Monday 19 March 2018

Jack Oliver Monty - Manchester Night And Day - 17th March 2018

Jack Oliver Monty might be best known for his role playing in both Maddy Storm's band and in Ethan And The Reformation. However, what people might not know is that he writes and performs his own material. We caught up with him at a rare solo outing at Manchester's Night And Day Cafe on Saturday night for a seven-song set.

You wonder how many musicians have hidden their light under a bushel in being part of a band and not pursuing their own path and hopefully that won't happen with Jack. His seven-song set shows him to be a fine songwriter in his own right, able to craft songs with a depth of emotional intelligence and feeling that connect. The opening slot at the Night And Day on a Saturday night when some of the clientele have been out on a St Patrick's Day bender isn't really the ideal place for thought-provoking solo songs with just an acoustic guitar, but as Jack finishes his set, a very much worse-for-wear German approaches and simply tells him he's wonderful. It's echoed by the response to the songs, which grows louder, even from those at the bar and beyond, at the end of each one of them.

Jack's ability to put himself down, declaring songs to be new ones "because I'm a nobody and no one knows me" and another one called "the snot song", belies the fact that he's written songs that will resonate with people should they get the opportunity to hear them. Please Don't Run is a love song, a plea to get someone to stay (although he jokes that it's about health and safety) is so expressive that you feel you're living the song whilst Naff All (or Fairytales From A Northern Town) is a beautifully wistful and dreamy track that needs to be heard by a wider audience, whilst the beauty of Start The World Again is in its simplicity, which allows the emotion in the words and his voice to be accentuated.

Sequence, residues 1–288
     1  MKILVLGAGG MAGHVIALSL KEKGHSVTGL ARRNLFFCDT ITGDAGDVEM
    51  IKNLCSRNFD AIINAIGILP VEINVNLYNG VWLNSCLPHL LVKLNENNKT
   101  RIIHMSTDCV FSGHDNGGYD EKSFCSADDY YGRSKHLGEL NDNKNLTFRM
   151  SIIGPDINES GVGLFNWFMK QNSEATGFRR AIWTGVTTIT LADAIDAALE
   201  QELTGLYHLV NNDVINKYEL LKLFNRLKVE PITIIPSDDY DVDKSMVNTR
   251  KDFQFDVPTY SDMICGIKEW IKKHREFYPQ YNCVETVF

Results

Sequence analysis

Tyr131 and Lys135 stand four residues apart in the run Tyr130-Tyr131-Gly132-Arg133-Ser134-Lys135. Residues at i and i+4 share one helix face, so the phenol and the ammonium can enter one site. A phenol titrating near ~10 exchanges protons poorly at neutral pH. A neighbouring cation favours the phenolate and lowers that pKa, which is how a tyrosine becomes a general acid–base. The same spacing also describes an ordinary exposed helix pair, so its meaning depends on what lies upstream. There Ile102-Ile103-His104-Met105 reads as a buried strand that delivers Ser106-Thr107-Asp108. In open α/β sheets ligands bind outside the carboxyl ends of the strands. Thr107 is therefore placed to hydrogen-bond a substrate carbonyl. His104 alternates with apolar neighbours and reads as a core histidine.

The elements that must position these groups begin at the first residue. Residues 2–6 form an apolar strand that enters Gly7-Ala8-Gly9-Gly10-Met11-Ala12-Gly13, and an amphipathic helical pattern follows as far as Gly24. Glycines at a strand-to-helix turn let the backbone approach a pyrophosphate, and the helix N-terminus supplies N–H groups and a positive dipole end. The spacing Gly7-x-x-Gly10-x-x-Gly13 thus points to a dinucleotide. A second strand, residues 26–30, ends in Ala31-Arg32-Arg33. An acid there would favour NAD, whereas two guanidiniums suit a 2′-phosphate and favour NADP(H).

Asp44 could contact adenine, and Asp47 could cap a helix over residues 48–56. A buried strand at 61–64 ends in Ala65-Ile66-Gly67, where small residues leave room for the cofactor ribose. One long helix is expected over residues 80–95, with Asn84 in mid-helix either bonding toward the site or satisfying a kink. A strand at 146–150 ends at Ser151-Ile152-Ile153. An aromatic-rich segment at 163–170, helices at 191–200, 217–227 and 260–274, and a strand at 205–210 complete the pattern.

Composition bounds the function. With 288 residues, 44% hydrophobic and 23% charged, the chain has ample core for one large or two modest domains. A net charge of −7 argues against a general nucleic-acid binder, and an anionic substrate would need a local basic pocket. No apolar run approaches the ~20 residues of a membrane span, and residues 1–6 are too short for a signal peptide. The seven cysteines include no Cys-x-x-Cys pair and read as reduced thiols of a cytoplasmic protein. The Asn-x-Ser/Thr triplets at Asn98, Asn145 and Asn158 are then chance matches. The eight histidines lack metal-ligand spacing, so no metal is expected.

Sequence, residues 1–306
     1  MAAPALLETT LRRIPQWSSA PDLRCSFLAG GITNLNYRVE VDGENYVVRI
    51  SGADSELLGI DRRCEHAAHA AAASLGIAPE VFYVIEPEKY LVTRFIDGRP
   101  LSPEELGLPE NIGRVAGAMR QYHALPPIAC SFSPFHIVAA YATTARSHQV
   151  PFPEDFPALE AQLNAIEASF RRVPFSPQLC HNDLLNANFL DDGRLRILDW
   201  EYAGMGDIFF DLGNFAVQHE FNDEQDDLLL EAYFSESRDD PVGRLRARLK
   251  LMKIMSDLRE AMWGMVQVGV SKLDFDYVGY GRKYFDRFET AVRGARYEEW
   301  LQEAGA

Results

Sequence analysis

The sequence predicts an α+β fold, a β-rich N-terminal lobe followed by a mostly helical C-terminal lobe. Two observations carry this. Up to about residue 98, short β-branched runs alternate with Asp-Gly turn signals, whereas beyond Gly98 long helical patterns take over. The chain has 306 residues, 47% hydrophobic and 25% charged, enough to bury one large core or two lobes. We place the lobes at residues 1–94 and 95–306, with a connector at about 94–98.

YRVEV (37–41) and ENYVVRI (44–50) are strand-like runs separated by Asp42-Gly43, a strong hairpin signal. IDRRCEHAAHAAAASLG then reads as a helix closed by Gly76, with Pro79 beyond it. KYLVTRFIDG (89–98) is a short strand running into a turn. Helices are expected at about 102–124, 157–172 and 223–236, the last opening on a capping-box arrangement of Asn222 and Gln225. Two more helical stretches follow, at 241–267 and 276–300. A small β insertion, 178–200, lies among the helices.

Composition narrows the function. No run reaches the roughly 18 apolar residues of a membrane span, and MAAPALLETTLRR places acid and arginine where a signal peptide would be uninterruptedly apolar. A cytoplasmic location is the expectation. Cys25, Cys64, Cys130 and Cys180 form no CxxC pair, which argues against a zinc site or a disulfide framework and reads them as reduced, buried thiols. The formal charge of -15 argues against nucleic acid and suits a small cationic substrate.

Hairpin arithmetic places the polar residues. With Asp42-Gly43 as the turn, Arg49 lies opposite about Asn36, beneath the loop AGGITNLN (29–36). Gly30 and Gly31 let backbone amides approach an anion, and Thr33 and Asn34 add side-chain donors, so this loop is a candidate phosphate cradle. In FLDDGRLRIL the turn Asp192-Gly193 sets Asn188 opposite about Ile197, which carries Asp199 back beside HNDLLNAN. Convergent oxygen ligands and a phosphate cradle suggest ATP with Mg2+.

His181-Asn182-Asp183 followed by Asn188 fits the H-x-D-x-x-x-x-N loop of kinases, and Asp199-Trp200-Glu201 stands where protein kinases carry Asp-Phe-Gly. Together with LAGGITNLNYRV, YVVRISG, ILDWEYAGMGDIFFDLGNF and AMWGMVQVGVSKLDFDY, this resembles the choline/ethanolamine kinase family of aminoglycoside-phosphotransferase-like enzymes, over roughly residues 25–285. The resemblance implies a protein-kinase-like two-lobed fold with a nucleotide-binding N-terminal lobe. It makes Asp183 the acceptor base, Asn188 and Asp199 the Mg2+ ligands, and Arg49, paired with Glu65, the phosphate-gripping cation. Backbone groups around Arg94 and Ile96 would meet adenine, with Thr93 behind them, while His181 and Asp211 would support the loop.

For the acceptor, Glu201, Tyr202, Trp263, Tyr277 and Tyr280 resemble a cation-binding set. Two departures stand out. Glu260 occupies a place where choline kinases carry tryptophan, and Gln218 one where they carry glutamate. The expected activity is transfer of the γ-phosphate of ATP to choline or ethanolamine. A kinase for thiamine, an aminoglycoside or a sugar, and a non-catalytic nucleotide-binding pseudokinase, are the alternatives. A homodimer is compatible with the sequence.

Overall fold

He finishes with a cover of John Martyn's take on Lonnie Johnson's blues classic Jelly Roll Baker, a brilliantly light-hearted contradiction to what's gone before. The response to the set, from those who'd come specifically to watch him and those that just happened to be there, will hopefully advise him that he shouldn't allow other projects to be at the expense of his own. Either acoustic like this or fleshed out with a band there's something special in these songs.

Jack Oliver Monty is on FacebookInstagram and Twitter.

Our interview with him can be found here.

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